05:02 Remember these numbers are really representing large chunks of data. You’d never just cache a single number. Now the 9 block, it takes up the last spot. In the immortal words of Tim Curry, “Antici-pation.” So what do we do?” Here’s the 1 block, and the cache is full. This is called a miss.

05:27 Now you have to decide what gets kicked out. With the FIFO policy, you look at the first thing that was inserted, which in this case was the 3. The 3 goes away and is replaced by the 1 block.

05:41 Let’s do that again. Here comes a 4, another miss. FIFO says the 5 should be replaced,

05:52 and so it is. This cache can be implemented with an ordered list and a pointer. The pointer indicates what is to be replaced next, and when it is, the pointer advances by one spot. In the case of pointing to the last spot, the pointer wraps around to the first spot again.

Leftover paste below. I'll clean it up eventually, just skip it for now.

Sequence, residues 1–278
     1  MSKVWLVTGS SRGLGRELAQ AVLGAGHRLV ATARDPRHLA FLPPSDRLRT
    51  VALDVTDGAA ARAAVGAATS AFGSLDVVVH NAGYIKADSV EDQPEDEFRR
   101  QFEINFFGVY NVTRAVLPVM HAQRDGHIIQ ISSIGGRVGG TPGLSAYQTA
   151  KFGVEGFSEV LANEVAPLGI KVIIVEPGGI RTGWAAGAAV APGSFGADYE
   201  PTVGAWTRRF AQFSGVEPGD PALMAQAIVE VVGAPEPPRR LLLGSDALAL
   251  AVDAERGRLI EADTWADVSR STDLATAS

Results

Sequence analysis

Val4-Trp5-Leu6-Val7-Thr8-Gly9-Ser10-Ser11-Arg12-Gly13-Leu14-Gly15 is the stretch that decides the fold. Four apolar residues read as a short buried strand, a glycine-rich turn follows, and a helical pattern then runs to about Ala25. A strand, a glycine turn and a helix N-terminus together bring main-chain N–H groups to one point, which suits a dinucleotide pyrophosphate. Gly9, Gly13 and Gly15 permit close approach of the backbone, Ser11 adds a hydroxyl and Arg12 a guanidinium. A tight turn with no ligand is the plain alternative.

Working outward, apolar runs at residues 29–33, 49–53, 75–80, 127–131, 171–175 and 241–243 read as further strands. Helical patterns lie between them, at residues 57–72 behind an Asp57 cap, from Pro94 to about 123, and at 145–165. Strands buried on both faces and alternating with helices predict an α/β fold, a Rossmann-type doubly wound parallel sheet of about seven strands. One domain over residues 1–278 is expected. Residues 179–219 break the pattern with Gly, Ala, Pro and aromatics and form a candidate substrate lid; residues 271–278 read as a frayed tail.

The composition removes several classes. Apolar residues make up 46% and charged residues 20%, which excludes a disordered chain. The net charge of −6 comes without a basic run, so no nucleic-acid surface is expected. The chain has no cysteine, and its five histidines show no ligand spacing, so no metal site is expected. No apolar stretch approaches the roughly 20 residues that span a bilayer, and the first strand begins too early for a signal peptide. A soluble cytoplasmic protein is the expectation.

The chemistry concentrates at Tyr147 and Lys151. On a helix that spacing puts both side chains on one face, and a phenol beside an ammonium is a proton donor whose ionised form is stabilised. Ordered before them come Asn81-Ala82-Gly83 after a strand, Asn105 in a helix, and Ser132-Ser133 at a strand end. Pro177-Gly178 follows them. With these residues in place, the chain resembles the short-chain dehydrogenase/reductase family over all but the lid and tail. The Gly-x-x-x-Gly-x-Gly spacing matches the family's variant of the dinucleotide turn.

06:09 This is what I meant when I said FIFO is relatively cheap. You really only need one additional pointer to implement this method. Note that although the 3 was used, it was still the first thing to go.

06:21 And that’s the weakness of this policy.

06:26 Let’s try it again with LIFO.

06:31 3, 5, hit, 9. So far, all the same. Along comes the 1. It’s a miss. LIFO says the last thing put in the cache is the first to come out. In this case, that means the 9.

06:51 LIFO feels weird to me, and I’ll show you why here’s the 4. Still a miss. What gets replaced? Well, the last thing, which was the 1. That was the last thing I put in, so it gets replaced.